Feingold Wants Answers Why Marshals Are Denied Boarding
They are assigned to
protect airlines against terrorist attacks... but recent claims by
Federal Air Marshals (FAMs) state another security directive, the
infamous "no-fly" list, prevents some from doing their
The Washington Times reported this week some air marshals were
denied boarding by airlines because their names exactly matched
that of a suspected terrorist on the no-fly list. Even with
credentials, airlines continue to deny boarding for the marshals...
resulting in a serious, though ironic, security gap.
"In some cases, planes have departed without any coverage
because the airline employees were adamant they would not fly," an
air marshal said to the Times.
Wisconsin Senator Russ Feingold wants answers from the Bush
administration to correct the situation for the sake of air travel
security. Feingold sent a letter to Homeland Security Secretary
Michael Chertoff and FBI Director Robert S. Mueller III on May 2
asking for a copy of a classified security directive that outlines
how air marshals matched on the no-fly list will work with airline
officials in the future.
"I cannot begin to imagine the frustration of a federal air
marshal who has been assigned to board an airplane to protect its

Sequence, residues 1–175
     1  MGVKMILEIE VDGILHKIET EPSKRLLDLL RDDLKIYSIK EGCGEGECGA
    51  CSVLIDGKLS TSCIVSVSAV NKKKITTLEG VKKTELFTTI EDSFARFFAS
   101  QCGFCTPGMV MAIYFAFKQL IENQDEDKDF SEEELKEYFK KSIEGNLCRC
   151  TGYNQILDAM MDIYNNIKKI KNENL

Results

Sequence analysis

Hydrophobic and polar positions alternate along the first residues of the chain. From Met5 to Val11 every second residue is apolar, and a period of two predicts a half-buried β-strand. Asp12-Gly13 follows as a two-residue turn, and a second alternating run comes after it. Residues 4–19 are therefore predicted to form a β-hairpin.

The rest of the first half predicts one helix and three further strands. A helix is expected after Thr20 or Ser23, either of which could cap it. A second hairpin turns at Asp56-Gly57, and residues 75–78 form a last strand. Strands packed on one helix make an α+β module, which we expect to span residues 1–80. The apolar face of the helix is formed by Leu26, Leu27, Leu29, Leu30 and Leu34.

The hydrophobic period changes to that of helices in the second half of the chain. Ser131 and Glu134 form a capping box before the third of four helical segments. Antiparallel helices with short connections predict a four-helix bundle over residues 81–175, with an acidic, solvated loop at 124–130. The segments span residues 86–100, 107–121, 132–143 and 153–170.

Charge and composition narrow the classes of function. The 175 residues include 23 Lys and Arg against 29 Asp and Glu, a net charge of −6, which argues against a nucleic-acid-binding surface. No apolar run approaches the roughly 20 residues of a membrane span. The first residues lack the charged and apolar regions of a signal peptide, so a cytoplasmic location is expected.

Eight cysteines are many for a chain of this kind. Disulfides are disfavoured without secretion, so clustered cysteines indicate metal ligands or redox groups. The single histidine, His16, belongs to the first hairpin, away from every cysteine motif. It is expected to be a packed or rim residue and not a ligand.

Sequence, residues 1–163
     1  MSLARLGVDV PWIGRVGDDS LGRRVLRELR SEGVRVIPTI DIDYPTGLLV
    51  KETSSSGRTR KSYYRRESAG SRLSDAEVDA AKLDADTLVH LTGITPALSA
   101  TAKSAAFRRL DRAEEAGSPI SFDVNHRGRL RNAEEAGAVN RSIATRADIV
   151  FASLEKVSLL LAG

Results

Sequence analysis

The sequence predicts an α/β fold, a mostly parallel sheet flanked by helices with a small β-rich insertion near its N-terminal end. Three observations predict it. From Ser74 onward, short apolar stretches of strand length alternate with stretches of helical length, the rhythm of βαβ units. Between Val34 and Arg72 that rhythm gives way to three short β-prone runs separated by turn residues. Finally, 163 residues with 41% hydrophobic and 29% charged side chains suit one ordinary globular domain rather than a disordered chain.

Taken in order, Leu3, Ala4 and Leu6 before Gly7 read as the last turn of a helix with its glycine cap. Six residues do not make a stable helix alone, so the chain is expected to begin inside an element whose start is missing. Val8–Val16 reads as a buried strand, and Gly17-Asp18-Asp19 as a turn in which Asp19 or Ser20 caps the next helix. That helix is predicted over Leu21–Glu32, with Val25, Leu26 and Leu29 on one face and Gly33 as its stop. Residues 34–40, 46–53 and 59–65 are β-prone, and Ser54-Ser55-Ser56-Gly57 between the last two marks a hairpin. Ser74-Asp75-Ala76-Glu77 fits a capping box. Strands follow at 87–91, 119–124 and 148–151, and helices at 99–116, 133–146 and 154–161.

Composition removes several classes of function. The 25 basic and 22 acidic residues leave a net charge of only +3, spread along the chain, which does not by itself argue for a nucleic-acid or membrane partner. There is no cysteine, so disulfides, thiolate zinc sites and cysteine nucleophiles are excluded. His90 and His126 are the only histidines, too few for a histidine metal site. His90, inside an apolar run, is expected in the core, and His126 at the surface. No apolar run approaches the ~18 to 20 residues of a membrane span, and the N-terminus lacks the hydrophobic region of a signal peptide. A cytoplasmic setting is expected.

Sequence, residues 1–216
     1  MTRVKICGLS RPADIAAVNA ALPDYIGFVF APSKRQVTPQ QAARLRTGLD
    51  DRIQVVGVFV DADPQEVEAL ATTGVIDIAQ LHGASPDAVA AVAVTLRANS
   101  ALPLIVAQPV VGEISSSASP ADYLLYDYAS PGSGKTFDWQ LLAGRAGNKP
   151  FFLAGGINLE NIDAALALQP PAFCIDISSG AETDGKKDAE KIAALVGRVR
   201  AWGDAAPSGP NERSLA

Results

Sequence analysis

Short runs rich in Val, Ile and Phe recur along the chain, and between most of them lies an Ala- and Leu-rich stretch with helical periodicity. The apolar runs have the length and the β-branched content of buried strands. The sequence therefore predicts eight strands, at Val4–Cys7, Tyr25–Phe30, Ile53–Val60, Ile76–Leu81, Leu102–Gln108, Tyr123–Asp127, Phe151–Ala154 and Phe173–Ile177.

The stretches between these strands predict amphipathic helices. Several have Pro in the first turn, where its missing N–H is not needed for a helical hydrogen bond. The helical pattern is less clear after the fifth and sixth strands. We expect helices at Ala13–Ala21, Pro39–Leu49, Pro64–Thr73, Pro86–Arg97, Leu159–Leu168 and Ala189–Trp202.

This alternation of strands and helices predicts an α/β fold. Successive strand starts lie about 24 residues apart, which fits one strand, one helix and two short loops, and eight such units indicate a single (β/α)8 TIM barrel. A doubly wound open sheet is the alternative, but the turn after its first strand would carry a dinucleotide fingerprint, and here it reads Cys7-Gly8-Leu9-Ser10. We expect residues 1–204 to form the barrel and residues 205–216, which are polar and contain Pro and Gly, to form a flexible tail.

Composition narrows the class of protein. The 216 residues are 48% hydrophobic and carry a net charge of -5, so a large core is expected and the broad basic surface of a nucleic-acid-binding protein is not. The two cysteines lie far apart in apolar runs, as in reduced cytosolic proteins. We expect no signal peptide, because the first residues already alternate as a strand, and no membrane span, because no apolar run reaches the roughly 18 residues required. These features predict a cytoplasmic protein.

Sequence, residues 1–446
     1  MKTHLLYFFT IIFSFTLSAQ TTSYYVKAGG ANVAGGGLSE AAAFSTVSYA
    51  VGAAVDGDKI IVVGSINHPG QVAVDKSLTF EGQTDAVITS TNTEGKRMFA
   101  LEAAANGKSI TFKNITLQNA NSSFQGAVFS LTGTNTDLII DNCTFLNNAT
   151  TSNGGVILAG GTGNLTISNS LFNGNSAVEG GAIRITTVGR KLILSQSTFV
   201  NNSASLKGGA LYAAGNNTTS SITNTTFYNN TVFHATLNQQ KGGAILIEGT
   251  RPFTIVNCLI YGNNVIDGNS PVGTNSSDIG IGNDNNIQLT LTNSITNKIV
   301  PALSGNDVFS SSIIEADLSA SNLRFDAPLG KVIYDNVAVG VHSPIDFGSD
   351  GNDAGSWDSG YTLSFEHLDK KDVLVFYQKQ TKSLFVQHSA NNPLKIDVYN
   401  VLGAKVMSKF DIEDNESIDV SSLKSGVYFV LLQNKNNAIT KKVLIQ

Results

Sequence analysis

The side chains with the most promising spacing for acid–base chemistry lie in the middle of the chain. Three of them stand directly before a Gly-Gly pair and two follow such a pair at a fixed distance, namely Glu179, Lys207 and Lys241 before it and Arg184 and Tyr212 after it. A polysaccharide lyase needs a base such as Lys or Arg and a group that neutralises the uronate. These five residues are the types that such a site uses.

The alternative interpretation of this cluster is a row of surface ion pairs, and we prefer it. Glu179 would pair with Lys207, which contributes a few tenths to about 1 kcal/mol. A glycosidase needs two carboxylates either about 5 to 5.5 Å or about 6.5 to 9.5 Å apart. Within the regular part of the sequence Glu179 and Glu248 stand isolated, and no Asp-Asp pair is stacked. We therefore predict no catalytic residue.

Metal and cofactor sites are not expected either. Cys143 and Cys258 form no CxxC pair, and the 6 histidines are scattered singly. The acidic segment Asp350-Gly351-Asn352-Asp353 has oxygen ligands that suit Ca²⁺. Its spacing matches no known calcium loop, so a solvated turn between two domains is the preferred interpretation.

passengers and crew, but who is prevented from doing so by an
airline that erroneously believes the individual is on the no-fly
list," Feingold said.
"As I am sure you will agree, this is a bad outcome in every
respect," the Senator added. "It provides less security to the
flying public, and it highlights continuing problems with the
terrorist screening database and its redress process."
FAMs claim the situation
has been around for more than six years, and only now steps are
being taken to resolve the issue.
The Assistant Director of the Office of Flight Operations for
the agency issued a new security directive (SD) on April 23 "to
address those situations where air carriers deny FAMs boarding
based on 'no-fly list' names matches." Gregory Alter, spokesman for
the Federal Air Marshal Service, said the new directive "mitigates
any misidentification concerns by empowering airlines to quickly
clear an air marshal's status after positively identifying their
law enforcement status."
The directive may not have an immediate impact, as the memo
warned of situations where the SD had not yet reached every air
carrier customer service representative.
"If a FAM is denied boarding based on 'no fly list' issues, FAMS
should request to speak to an air carrier supervisory CSR," the
directive reads. "If the air carrier continues to deny the FAM a
boarding pass, FAMS should contact (their supervisor) as soon as
possible for assistance."
The issue sits on the heels of a program unveiled by the
Department of Homeland Security earlier this week to "calm the
checkpoint" for passengers and reduce the numbers of false
positives against the no-fly list. The prototype Checkpoint
Evolution program is already underway at Baltimore-Washington
International Airport (BWI,) as reported by ANN.